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A chemical peel is a treatment used to improve your skin’s appearance. A chemical solution is applied to the skin, causing the top layers of skin to flake or peel away. This reveals new skin that is smoother, appears less wrinkled and may be more even in color.
A chemical peel can:
Your dermatologist may enhance your results by combining a chemical peel with another procedure, such as a laser treatment or injections with fillers or botulinum toxin. Your dermatologist can determine which treatments will meet your skin care needs.
A chemical peel involves the application of one or more chemical solutions to a certain part of your body, such as the face, neck, chest or hands. The chemical solution usually contains glycolic acid, trichloroacetic acid, salicylic acid, lactic acid or carbolic acid. These acids remove dead skin cells. Many chemical peels use a combination of different acids tailored to treat your specific needs.
Your dermatologist will choose the proper chemical solution and depth of your peel, based on the type of skin damage you have and your desired results.
Once the chemical peel is applied to your skin, your dermatologist will monitor your skin carefully to remove the peel at just the right time.
During a chemical peel, most patients experience a warm to hot sensation that may last about five to 10 minutes. You may experience some stinging. A deeper peel can be more painful and require medication during or after the procedure, and it may have a longer recovery time.
Depending on the depth and strength of the chemical peel, the treatment may be performed in a dermatologist’s office. A deeper peel maybe performed in an outpatient surgical center.
It is important to avoid sun exposure immediately after a chemical peel since the new skin is fragile and more susceptible to injury. Dermatologists recommend that everyone use a broad-spectrum (protects against both UVA and UVB rays), water-resistant sunscreen that has an SPF of 30 or higher.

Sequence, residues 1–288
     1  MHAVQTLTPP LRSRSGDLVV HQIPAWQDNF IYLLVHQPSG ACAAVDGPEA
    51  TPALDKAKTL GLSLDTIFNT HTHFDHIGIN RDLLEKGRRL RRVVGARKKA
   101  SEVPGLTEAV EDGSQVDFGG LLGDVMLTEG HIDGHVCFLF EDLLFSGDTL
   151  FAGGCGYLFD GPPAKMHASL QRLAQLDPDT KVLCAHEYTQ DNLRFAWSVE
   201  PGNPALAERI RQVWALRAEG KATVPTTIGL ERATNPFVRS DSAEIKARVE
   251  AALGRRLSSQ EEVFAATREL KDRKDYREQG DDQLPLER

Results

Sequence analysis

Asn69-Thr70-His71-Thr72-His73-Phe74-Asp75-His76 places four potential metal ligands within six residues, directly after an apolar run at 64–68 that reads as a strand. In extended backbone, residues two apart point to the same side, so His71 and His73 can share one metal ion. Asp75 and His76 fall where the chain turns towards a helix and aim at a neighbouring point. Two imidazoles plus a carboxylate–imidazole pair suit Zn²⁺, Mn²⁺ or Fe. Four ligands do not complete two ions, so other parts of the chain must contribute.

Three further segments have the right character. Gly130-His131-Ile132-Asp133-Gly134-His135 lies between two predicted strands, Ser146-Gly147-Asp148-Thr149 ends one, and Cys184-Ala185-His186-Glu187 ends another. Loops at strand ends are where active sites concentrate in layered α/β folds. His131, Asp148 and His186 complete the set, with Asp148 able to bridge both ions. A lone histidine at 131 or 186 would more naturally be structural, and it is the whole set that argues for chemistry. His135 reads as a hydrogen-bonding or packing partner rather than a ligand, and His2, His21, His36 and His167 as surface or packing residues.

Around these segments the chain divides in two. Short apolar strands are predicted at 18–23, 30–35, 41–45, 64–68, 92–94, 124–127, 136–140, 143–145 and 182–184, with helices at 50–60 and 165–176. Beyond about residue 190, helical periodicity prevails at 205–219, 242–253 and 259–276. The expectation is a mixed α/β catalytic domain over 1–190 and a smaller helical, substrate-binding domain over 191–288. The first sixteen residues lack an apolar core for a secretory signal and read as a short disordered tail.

Your dermatologist may provide you with a moisturizer or a medicated lotion or cream to apply to your skin to help it heal. You also may receive a prescription oral antiviral medication to take for seven to 10 days around the time of your treatment to help prevent cold sores.
Depending on the type of peel, your dermatologist may schedule appropriate follow-up care.
If you receive a light peel, you can usually wear makeup immediately following the treatment, but sometimes you need to wait until the next day. For a medium peel, you should wait five to seven days before applying makeup. A deep peel requires waiting at least two weeks before wearing makeup.
The results you see after getting a chemical peel depend largely on the skill of the person performing the peel. To protect your health and get the results you seek, you should see a board-certified dermatologist. These doctors have the expertise to evaluate your skin and determine what type of chemical peel would be right for you.
Side effects from chemical peels vary depending on the depth of the peel. The deeper the peel, the higher the risk for more severe side effects, such as swelling or prolonged peeling. You may experience persistent redness on your skin that can last several months.
If you have a family history of discoloration of the skin or are taking birth control pills, you may develop a temporary darkening of the skin. Some people who have had medium or deep peels develop permanent changes in their skin color (either lightening or darkening of the skin).
If you are susceptible to cold sores (herpes simplex infections), tell your dermatologist before your chemical peel. You may have a reactivation of cold sores or fever blisters following this treatment.
There is a risk of scarring after a chemical peel, but this risk is very low. If you have a history of keloids, your skin scars easily or you have recurring cold sores, it is important to tell your dermatologist about this before a chemical peel so he or she can take the proper precautions.
It is usually safe for people who have skin of color to have milder chemical peels. Make sure you see a board-certified dermatologist who has expertise using chemical peels to treat darker skin tones. If the person performing the peel does not have this knowledge, people who have skin of color can develop permanent pigment problems.
If you are considering using an at-home chemical peel, talk with your dermatologist. At-home chemical peels, even those with low acid concentrations, can cause serious problems if applied incorrectly.
A board-certified dermatologist is a medical doctor who specializes in diagnosing and treating medical, surgical and cosmetic conditions of the skin, hair and nails. To learn more about chemical peels or to find a board-certified dermatologist in your area, visit aad.org/chemical-peels or call toll-free (888) 462-DERM (3376).
All content solely developed by the American Academy of Dermatology.
Copyright © by the American Academy of Dermatology and the American Academy of Dermatology Association.
Images used with permission of the American Academy of Dermatology National Library of Dermatologic Teaching Slides
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